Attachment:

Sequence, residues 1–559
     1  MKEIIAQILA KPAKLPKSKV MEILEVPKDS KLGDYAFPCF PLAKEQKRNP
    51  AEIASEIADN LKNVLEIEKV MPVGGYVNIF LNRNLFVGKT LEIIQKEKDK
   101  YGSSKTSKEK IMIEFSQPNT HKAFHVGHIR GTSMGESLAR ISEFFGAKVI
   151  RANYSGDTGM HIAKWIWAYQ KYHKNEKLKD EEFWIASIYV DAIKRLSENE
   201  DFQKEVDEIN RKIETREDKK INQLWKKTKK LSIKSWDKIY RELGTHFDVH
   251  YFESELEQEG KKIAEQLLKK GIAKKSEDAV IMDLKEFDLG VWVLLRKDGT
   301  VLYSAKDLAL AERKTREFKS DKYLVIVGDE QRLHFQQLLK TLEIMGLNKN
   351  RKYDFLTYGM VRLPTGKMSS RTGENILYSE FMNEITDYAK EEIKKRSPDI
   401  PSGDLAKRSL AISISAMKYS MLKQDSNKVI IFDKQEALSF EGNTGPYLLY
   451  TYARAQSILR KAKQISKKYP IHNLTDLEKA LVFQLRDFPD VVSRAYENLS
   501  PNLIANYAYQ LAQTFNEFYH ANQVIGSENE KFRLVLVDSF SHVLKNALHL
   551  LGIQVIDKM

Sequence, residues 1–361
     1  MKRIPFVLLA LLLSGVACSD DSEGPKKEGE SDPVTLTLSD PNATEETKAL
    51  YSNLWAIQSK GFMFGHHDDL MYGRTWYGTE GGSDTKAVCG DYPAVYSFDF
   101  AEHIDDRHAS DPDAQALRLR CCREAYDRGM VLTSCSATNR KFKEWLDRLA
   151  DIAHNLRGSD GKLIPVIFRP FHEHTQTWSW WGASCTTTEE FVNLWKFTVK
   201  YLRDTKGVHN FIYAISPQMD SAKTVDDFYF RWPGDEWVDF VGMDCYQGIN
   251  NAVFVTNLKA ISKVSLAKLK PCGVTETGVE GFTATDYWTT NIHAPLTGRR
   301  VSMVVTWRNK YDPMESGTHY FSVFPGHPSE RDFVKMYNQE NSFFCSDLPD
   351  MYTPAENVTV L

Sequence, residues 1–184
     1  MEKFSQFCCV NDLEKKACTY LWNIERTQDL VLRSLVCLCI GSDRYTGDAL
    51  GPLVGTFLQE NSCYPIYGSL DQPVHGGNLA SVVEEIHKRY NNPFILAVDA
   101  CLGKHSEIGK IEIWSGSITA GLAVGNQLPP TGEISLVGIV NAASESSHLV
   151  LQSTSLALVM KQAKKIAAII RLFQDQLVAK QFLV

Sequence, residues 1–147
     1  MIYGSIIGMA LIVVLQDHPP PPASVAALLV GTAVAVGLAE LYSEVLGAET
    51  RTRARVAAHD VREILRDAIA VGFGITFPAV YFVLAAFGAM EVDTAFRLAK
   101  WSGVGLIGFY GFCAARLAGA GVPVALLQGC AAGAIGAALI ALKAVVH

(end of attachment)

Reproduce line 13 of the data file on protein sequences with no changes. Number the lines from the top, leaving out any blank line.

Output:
   551  LGIQVIDKM